'A Tree Grows in Brooklyn' Review

Betty Smith's coming-of-age novel still resonates with young women.

A Tree Grows in Brooklyn
Image provided by Harper Perennial Modern Classics

Betty Smith's first novel, A Tree Grows in Brooklyn, became immediately popular when it was published in 1943. The coming-of-age story of Francie Nolan and her second-generation immigrant parents struggling to provide for their family was an instant success. Smith says she drew from her own experiences growing up in New York City for the story, and it's widely believed she is the basis for the character of Francie.

The tree of the book's title refers to the hardy Tree of Heaven which grows near the family's apartment building, despite attempts to eradicate it. It's a metaphor for Francie herself, who despite her father's alcoholism and death, her mother's hardy indifference to Francie's dreams, and the family's near-constant poverty, is determined to survive and improve her life.

The novel is divided into four books, which tell the story of how Johnny and Katie Nolan meet as teenagers, and she becomes pregnant. They marry before either of them has turned 20, and despite his charm and his good nature, Johnny is an alcoholic who can't hold a job. Katie supports the family by cleaning apartment buildings, in a reversal of traditional gender roles of the era.

Francie, for her part, enjoys learning, and idolizes her father, who shares her dreamy nature and vivid imagination. He lies to get Francie into a better school, realizing it's what will make her most happy.

Readers experience the scenes in Brooklyn from Francie's point of view, which is imbued with sensitivity and passion. She observes the neighborhood's people and events from the fire escape outside the family's apartment.

'[Francie] was all these things and of something more that did not come from the Rommelys nor the Nolans, the reading, the observing, the living from day to day"

The Significance of Family

Katie's mother, Mary Rommely, tells her to keep her heritage alive in Francie and her brother Cornelius (who is nicknamed "Neeley.") Mary tells Katie "you must tell the children the legends I told you--as my mother told them to me. You must tell the fairy tales of the old country. You must tell of those not of the earth who live forever in the hearts of people--fairies, elves, dwarfs, and such."

Perhaps the readings and the stories were not the only things that helped Francie to develop such an active imagination, but they became a part of who she was. 

Family plays a key role throughout A Tree Grows in Brooklyn, with Katie digging in to provide for her family when Johnny can't, the children working after school jobs to support their mother after Johnny dies, and Francie sacrificing her savings to send her brother to school.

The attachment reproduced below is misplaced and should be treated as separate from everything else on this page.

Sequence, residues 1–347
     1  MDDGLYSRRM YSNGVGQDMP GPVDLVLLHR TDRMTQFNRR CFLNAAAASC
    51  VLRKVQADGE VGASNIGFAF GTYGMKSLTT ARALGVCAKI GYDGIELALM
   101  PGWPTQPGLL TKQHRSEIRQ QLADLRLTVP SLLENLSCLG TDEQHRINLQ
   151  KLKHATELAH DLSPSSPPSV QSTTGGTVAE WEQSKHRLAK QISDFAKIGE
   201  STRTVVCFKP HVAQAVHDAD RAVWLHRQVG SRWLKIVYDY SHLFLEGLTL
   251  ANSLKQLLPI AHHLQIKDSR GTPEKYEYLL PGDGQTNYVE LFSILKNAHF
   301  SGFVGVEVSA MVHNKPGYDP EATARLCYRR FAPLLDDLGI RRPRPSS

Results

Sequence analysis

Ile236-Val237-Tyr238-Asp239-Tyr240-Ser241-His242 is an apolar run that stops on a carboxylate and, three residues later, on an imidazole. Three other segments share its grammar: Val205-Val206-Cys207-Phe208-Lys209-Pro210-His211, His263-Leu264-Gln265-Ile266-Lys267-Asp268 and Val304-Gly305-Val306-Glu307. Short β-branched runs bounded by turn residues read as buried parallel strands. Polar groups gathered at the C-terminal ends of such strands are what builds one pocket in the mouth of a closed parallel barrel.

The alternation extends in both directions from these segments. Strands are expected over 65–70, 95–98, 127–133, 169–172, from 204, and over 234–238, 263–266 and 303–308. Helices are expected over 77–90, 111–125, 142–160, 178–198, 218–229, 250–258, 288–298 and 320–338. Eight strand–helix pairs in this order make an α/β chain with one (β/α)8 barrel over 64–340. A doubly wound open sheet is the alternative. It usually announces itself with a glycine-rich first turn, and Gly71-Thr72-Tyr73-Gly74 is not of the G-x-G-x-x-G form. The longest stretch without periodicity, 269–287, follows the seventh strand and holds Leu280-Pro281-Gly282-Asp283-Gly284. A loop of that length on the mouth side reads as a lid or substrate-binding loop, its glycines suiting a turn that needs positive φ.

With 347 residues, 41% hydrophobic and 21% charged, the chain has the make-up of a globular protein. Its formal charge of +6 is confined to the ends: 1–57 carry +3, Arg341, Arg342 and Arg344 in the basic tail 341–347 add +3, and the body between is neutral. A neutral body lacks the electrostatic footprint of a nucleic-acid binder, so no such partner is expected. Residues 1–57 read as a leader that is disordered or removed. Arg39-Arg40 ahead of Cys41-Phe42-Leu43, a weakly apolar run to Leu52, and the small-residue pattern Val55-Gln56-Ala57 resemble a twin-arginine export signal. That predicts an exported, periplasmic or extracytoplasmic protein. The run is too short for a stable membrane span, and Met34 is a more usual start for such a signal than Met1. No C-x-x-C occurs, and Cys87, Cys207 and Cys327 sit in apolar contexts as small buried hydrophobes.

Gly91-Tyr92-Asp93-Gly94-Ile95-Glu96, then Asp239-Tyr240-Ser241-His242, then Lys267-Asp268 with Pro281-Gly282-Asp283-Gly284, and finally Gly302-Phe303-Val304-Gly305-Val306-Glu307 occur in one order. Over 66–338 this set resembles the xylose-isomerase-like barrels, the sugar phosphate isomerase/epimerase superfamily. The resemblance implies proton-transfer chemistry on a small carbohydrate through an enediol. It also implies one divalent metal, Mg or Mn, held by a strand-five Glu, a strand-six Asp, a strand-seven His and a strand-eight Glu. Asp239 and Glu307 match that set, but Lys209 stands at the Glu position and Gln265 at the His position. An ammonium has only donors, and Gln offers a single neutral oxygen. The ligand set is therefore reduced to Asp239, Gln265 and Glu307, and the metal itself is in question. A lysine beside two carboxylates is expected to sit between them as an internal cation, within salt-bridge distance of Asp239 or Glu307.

The Changing Roles of Women

A particularly fascinating aspect of A Tree Grows in Brooklyn is its portrayal of women as the anchors of their families, first with Katie as the Nolans' breadwinner, and later with Francie assuming the same role. This was not the typical image of women in popular culture at the time, although in post-war America, women's roles as wage earners and breadwinners was greatly changed.

There's also a troubling scene where a woman and her child born out of wedlock are stoned by other women in the neighborhood. Francie witnesses the stoning from her fire escape viewpoint, and it bothers her deeply. She wonders why women are so vicious to each other.

The heart of A Tree Grows in Brooklyn, however, is the mother-daughter relationship between Katie and Francie. Katie admits to herself that she favors Neeley, but never tells Francie. Katie even saves Francie from a would-be rapist, when she shoots him in the stomach.

The two women's lack of understanding for one another, despite their obvious similarities, is one of the truest representations in American literature of this most complicated of female relationships.

Betty Smith's Love Letter to New York City

In a 1999 appreciation of the novel, writer Robert Cornfield of The New York Times writes that Smith has written what a amounts to a Dickensian portrayal of turn-of-the-century Brooklyn.

The book is a rite of passage for many young women still, he writes, even though it's more than a century old.

This is just one part of our study guide on A Tree Grows in Brooklyn. Please see the links below for additional helpful resources.